Happy 121st Birthday, Buster Keaton!

The wonderful Buster Keaton was born Joseph Frank Keaton 121 years ago today in a figurative trunk that just happened to be situated in Piqua, Kansas. Keaton ranks right up there with the Marx Brothers in our esteem, and as has surely been established by now, that’s saying something. Here are 10 BK Did-You-Knows:

  • Keaton was born into a theatrical family, as his father owned a traveling show with Harry Houdini called the Mohawk Indian Medicine Company that featured performances and sales of patent medicine.
  • Buster followed five other generations of Keaton men named Joseph (though the middle names varied).
  • The story goes that when Keaton was a toddler, Houdini witnessed him take a spill down a flight of stairs and emerged unharmed. “That was a real buster,” the legend has Houdini saying of the fall, and thus was a lifelong nickname born (unless the story is apocryphal, which is certainly possible).
  • By age three, Buster was a performer in an act called The Three Keatons that saw his mother playing saxophone and Buster and his father engaging in knockabout horseplay for humorous effect (mostly, the elder Keaton tossed his young son about in acrobatic fashion, which was surely laid a solid groundwork for some of the stunts Buster would later perform on screen). The act frequently came under scrutiny because of laws that prohibited the use of child actors in vaudeville performances and also because of concern on the part of the authorities for Buster’s safety, but the younger Keaton was adept at avoiding injuries, telling The Detroit News in 1914, “The secret is in landing limp and breaking the fall with a foot or a hand. It’s a knack. I started so young that landing right is second nature with me.”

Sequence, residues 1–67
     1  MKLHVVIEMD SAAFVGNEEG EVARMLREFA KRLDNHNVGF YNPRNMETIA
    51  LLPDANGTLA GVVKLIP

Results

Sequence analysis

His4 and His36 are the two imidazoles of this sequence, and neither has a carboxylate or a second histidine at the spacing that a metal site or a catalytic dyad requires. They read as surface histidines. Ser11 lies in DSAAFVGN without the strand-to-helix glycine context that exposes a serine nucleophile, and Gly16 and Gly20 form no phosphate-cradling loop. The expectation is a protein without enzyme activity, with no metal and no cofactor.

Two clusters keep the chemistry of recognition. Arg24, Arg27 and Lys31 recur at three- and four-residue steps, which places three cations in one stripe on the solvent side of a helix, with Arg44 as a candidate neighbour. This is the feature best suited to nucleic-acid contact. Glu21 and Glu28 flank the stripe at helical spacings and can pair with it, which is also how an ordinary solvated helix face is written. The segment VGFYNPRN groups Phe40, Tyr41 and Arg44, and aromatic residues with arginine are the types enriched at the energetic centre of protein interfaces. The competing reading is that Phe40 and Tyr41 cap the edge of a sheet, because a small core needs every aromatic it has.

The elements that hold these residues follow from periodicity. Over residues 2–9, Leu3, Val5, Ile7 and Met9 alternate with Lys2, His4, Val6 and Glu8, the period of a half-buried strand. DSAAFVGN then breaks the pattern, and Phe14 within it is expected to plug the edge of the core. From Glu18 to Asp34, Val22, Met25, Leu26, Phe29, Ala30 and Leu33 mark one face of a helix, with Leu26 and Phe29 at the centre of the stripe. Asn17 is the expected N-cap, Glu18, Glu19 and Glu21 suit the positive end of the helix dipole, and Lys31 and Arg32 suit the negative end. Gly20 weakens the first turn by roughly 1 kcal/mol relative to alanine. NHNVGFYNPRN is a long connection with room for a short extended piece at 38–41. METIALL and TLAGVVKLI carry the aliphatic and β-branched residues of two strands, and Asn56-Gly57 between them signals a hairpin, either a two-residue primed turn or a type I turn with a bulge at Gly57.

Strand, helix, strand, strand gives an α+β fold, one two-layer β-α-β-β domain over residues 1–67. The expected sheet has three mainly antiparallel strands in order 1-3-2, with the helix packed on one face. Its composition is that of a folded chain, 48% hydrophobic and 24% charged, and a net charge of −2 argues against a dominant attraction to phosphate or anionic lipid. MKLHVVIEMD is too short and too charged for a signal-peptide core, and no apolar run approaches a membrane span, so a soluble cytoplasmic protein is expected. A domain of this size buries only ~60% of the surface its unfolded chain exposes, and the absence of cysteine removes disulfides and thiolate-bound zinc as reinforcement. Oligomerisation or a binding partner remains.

• As a child, Keaton lost most of his right index finger to a run-in with a clothes wringer.
  • Because of his father’s alcoholism, Keaton and his mother moved to New York City around 1916, where Buster first broke into films.
  • Keaton served with the 40th Infantry Division during World War I. While on active duty, he suffered an ear infection that left his hearing permanently impaired.
  • Keaton’s film career was launched after meeting Roscoe Arbuckle at the Talmadge Studio on East 48th Street in NYC. They would go on to make 14 shorts together and remained fast friends, even after Arbuckle was accused of causing the death of actress Virginia Rappe (he was eventually exonerated).
  • Keaton was an avid fan of the game of baseball, playing it at every opportunity.